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Longitudinal Study: LSAC
Title: Interparental Conflict in Separated Families: The Effects of Pre-Separation Family Conflict and Changes to Family Structure
Authors: Aamalia, Jordana 
Institution: The University of Melbourne
Publication Date: 19-May-2015
Keywords: Relationships -- Separation
Families -- Parents and Parenting
Families -- Formation and Dissolution
Abstract: Evidence suggests that interparental conflict is prevalent in separated families, and deleterious for family wellbeing. International research indicates that interparental conflict may be exacerbated by a pre-existing history of family conflict, the event of separation, and parental repartnering. However, Australian data is limited. The present study extends prior research to examine the occurrence, persistence, and developing course of interparental conflict in separated families, using data drawn from The Longitudinal Study of Australian Children (LSAC). Participants were a nationally representative sample of separated mothers (n=300), and a comparison group of continuously partnered mothers (n=2902), who reported on interparental conflict at three time-points. Descriptive analyses indicated that mothers’ reports of high interparental conflict increased from 30% to almost 50% within the first four years following separation, and that 40% of separated mothers experienced persistent and high interparental conflict. Logistic regression analyses indicated that pre-separation interparental conflict significantly predicted high conflict in the first two (OR = 2.16) and four (OR = 2.65) years after separation. Contrary to predictions, parental repartnering did not predict high interparental conflict. Results suggest that interparental conflict is high, prevalent, and persistent in separated Australian families, and tends to predate parental separation. It is therefore critical to broaden the scope of intervention to target all families experiencing high conflict, regardless of family structure.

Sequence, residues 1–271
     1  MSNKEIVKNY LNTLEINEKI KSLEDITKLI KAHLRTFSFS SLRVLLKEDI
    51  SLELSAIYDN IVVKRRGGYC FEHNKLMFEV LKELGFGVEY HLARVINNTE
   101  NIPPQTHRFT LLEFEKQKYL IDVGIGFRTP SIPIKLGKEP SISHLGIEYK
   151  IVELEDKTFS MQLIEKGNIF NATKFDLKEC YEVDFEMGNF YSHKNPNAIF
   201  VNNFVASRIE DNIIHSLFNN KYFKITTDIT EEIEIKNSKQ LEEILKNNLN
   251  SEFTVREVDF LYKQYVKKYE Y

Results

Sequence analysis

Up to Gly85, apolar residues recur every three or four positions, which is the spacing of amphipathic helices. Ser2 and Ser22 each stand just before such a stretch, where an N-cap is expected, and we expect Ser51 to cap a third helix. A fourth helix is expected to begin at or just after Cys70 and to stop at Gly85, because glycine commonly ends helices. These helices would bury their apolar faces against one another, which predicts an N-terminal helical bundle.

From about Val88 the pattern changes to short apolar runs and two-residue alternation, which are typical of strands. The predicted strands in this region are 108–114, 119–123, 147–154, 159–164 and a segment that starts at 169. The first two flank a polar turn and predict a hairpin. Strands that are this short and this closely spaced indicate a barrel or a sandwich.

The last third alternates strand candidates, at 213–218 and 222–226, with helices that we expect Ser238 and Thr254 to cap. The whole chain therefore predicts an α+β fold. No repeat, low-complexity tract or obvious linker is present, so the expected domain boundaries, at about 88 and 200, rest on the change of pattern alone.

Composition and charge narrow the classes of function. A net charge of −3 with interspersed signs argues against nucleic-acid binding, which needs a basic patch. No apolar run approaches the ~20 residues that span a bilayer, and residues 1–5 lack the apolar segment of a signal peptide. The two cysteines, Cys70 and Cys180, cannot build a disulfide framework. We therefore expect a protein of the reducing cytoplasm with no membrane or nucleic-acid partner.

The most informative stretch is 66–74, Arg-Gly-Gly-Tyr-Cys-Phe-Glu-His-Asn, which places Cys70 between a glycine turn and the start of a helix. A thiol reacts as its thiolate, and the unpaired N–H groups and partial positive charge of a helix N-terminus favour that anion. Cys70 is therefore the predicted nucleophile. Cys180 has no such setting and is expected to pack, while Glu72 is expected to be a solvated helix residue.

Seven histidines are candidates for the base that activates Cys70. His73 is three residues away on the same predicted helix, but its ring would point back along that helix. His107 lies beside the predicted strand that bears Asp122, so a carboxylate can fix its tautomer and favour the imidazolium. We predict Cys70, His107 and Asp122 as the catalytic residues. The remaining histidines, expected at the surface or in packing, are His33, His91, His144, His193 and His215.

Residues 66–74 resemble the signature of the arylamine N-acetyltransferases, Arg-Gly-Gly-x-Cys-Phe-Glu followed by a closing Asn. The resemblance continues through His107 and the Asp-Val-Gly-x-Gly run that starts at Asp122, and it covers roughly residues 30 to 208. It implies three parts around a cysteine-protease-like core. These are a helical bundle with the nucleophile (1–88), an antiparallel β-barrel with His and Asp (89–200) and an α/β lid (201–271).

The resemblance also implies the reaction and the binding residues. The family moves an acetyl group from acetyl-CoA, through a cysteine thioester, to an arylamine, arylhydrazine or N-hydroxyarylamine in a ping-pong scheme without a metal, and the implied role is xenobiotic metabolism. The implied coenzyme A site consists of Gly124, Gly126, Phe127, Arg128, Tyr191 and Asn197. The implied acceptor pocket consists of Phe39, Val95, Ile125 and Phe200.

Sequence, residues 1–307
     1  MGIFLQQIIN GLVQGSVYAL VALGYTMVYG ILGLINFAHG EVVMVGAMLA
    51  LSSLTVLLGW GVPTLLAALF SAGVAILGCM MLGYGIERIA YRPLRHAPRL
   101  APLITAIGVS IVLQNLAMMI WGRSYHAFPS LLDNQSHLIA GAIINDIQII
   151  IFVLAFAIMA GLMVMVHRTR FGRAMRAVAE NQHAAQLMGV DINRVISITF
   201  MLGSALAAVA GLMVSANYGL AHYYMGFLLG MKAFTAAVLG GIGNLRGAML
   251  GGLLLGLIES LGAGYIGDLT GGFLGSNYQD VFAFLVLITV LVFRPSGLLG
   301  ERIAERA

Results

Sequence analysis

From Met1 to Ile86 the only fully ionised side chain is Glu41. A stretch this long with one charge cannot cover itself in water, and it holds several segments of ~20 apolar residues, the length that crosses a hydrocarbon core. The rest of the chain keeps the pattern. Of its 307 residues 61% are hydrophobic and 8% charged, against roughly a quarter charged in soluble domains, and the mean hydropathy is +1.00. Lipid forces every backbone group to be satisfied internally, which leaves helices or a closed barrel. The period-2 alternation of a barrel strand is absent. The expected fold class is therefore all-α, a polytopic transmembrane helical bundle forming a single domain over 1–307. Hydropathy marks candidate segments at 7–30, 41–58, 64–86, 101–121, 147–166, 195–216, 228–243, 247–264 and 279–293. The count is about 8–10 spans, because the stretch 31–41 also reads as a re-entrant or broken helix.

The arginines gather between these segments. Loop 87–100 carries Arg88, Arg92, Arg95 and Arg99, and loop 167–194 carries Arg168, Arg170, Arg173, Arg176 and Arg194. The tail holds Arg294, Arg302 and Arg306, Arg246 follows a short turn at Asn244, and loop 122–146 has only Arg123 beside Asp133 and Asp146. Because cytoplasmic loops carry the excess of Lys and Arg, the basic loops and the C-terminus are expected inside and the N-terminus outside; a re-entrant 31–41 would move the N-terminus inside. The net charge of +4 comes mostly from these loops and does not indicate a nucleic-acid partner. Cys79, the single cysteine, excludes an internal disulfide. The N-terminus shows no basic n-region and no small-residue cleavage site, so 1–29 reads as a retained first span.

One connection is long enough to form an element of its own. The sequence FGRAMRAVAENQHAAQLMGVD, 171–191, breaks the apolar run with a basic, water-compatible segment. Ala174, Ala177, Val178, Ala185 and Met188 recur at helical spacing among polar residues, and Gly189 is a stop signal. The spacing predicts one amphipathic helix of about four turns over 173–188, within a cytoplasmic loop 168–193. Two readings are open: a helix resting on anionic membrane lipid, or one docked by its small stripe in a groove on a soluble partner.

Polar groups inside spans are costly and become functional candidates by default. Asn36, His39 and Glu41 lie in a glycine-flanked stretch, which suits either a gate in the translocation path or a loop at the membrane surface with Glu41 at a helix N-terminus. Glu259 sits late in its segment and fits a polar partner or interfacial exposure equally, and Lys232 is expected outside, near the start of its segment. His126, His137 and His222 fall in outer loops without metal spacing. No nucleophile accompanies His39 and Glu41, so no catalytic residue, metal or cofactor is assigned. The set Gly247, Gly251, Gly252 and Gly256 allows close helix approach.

Keywords: Relationships -- Separation; Families -- Parents and Parenting; Families -- Formation and dissolution
Research collection: Theses and student dissertations
Appears in Collections:Theses and student dissertations

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